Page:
Regenerative Medicine Is Worth A Shot

Wayne Reeves

Looking for a nonsurgical solution for aggravating neck, arm and hand pain?

The days of musicians taking the stage and letting their music alone carry the performance are over. No matter the genre, concerts are now multimedia events where video accents the music and giant screens bring the audience closer to the performer.

That’s good for concertgoers, and it’s been especially good for Wayne Reeves, a 63-year-old New Jersey resident and sound reinforcement specialist who has set up audiovisual systems for dozens of shows.

“We’ve done all kinds of concerts, including Emerson Lake & Palmer, Edgar Winter, Goo Goo Dolls,” Wayne details. “Those kind of events usually happen on the weekends; then during the week, we do a lot of corporate stuff.

“We set up video projectors, videotaping machines and the like for corporate meetings. We also set up Zoom meetings and do private events like weddings and birthday parties. We recently did a walkathon and a three-day Oktoberfest celebration.”

Wayne’s job requires a lot of heavy lifting, and he began to pay an increasingly uncomfortable price a few years ago when neck, arm and hand pain made his life miserable.

“I’ve dealt with some moderate neck and back pain ever since I was younger because of some pretty traumatic experiences I’ve been through,” Wayne reveals. “The worst was me crashing head-on with my motorcycle into a Mack truck.

“You put that together with the fact that as you get older, things just naturally start to catch up with you, and I reached a point where I had so much neck pain I couldn’t even get out of bed.

“The worst thing about it was that the pain didn’t just stop at my neck. It went all the way down my right arm and into the fingers on my right hand, and it gave me a cold, tingling sensation that sometimes got so bad it made my hand go numb.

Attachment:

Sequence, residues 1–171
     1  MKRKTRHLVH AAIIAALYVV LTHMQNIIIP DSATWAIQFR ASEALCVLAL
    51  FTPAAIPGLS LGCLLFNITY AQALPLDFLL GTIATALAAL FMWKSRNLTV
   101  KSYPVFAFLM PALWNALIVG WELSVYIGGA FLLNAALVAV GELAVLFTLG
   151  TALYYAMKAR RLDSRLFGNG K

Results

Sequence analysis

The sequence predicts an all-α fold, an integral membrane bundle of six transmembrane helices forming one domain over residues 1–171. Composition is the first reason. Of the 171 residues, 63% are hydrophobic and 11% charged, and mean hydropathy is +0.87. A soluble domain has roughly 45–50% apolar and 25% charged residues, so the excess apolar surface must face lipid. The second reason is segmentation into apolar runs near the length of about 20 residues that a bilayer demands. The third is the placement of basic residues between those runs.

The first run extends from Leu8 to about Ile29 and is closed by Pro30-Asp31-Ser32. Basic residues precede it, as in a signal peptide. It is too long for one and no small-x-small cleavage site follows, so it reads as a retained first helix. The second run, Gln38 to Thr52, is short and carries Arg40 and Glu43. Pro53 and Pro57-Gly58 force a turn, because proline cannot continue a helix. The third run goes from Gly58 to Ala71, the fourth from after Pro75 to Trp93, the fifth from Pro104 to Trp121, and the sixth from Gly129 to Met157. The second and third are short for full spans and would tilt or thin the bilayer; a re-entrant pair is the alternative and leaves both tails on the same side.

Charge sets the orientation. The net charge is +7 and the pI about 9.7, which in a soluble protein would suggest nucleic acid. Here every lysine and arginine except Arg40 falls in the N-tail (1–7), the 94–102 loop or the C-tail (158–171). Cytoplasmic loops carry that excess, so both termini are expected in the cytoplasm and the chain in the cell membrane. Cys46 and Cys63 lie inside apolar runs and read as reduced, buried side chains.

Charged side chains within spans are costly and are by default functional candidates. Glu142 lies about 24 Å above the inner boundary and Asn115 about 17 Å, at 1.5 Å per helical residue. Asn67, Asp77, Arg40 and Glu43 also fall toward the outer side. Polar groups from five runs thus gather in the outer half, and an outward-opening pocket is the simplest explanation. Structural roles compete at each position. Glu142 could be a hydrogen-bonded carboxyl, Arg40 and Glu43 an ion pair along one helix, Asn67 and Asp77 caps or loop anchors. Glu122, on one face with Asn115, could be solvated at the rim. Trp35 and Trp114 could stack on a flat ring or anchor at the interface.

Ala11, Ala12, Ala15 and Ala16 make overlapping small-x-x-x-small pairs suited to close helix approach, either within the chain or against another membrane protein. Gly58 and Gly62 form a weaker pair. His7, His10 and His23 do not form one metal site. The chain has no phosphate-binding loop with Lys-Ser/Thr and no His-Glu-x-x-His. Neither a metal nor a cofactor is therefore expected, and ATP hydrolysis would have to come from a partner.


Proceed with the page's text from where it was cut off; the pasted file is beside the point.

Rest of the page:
“Not only that, but it made my arm feel as if it was all swelled up when it really wasn’t. It eventually got so bad that, after a while, I had to start calling out of work because I couldn’t use that arm for anything. It even kept me from sleeping sometimes.”

Wayne fought through the pain for several months, trying everything from over-the-counter pain relievers to medical marijuana for relief. When none of those remedies worked, he visited an orthopedist.


“I like the idea of using regenerative medicine to fix a problem rather than just masking the pain.” – Wayne


Wayne learned through the orthopedist that the cause of his pain was a couple of collapsed discs and a bundle of pinched nerves in his neck. He also learned that it could be months before he could be treated for the problem.

“This was during the rise of COVID in 2020, and it was hard to get an appointment with anyone,” Wayne explains. “The only good thing about that was that we were also slow at work. I also have a very understanding boss.

“That proved to be a good thing because I was talking to my sister, who lives in Florida, about all this. She started telling me about her husband, who had serious back problems and went to a doctor in Edgewater, got an injection of some kind and has been fine ever since.”

Body’s Building Blocks